Anyone who follows the NBA would literally have to live under a rock to not know that Ben Simmons would like to be traded. But one of the reasons it seems so irreconcilable is that there is so much incongruence as to why Simmons wants out. The weekly reports introduce different factors contributing to why Simmons wants to depart, but not a primary mechanism. The answers delivered by numerous members of the Sixers’ organization during yesterday’s media day suggest that the franchise isn’t quite sure, either.
“It’s a tough answer because it wasn’t as clear as we probably would want it.”
When asked if he believes his comments after Game 7 factored into Simmons’ desire to leave, head coach Doc Rivers responded, “I don’t believe that’s one of the problems at all. We talked about it the next day.”
When pressed further about what specifically caused Simmons to grow unhappy enough to desire a divorce, Rivers indicated that the impetus was unclear. “It’s a tough answer because it wasn’t as clear as we probably would want it. Wanting to change places for whatever reason. So, it’s tough to play here. But Ben didn’t say that. But, you got to assume that’s probably part of it. I can’t say he’s said that. That’s just an assumption. So, that’s it.”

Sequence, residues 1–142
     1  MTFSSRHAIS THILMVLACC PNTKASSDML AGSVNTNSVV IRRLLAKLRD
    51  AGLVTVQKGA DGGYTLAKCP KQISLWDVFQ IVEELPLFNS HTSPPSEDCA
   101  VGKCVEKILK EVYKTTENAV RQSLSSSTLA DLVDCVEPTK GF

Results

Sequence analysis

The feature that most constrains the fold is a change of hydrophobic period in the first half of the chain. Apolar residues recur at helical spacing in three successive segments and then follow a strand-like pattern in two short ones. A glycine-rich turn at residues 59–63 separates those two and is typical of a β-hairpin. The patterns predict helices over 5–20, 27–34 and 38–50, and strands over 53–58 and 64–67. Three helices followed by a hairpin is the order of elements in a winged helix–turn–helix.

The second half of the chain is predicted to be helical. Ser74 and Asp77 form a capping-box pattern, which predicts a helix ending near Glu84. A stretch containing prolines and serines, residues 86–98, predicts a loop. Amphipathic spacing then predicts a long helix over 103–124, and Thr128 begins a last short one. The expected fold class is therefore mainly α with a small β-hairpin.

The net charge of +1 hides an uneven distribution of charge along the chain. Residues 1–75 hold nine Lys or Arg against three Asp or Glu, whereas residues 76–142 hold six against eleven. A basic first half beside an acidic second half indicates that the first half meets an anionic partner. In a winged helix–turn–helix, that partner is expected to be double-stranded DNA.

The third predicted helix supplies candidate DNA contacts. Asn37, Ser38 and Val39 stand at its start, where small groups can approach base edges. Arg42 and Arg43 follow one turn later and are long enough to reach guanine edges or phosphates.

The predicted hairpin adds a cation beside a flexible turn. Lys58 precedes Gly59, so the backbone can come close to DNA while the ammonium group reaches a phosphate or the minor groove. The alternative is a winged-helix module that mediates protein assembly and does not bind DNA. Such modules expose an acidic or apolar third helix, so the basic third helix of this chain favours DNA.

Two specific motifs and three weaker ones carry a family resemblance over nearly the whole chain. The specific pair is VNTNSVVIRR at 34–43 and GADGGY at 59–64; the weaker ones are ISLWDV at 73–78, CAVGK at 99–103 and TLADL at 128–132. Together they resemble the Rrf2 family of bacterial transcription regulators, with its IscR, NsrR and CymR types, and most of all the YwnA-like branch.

The first cause for concern is that the head coach, of all people, doesn’t seem to know why his All-Star wants to leave. Perhaps it’s not for a lack of effort to understand Simmons more. Perhaps he was withholding the truth to maintain privacy or strategy in the matter. But if he truly doesn’t know, it does not bode well for the franchise’s chances of reconciling with Simmons at least enough to work towards a mutual divorce together.
Has Rivers Done Any Self-Reflecting?
The second cause for concern is that Rivers’ willingness to project blame for the situation onto the fans underlies the dangerous possibility that he hasn’t learned from failures of seasons past. When asked about entertaining introspection after a second consecutive playoff failure in the moments after the Sixers’ Game 7 loss to the Hawks, Rivers said, “If it was the same team, I would actually justify that question. But since there’s two different teams, you know…Listen, this team last year got swept in the first round. We had a chance to go to the Eastern Finals. I’m not gonna make this into a negative year.”
By the way, Rivers’ comments about Simmons after Game 7 have achieved infamy over the last few months. They weren’t that severe when the words reached my ears in the moment, and they aren’t that severe to me now, either. But yesterday, Rivers chose to own his comments when faced by the media. He didn’t offer any sort of introspective correction to what he originally said. He didn’t offer his own coaching miscues or the lack of transparency in dangling Simmons in a trade for James Harden as possibilities. Rather than reflect on errors he and his colleagues may have made, he offered up the fans as a possible cause in all of this.
If the comments he made yesterday and in recent media appearances are indicators, he might be destined to make the same mistakes again this season.
“I’m just disappointed that he’s not here because he knows we can win together.”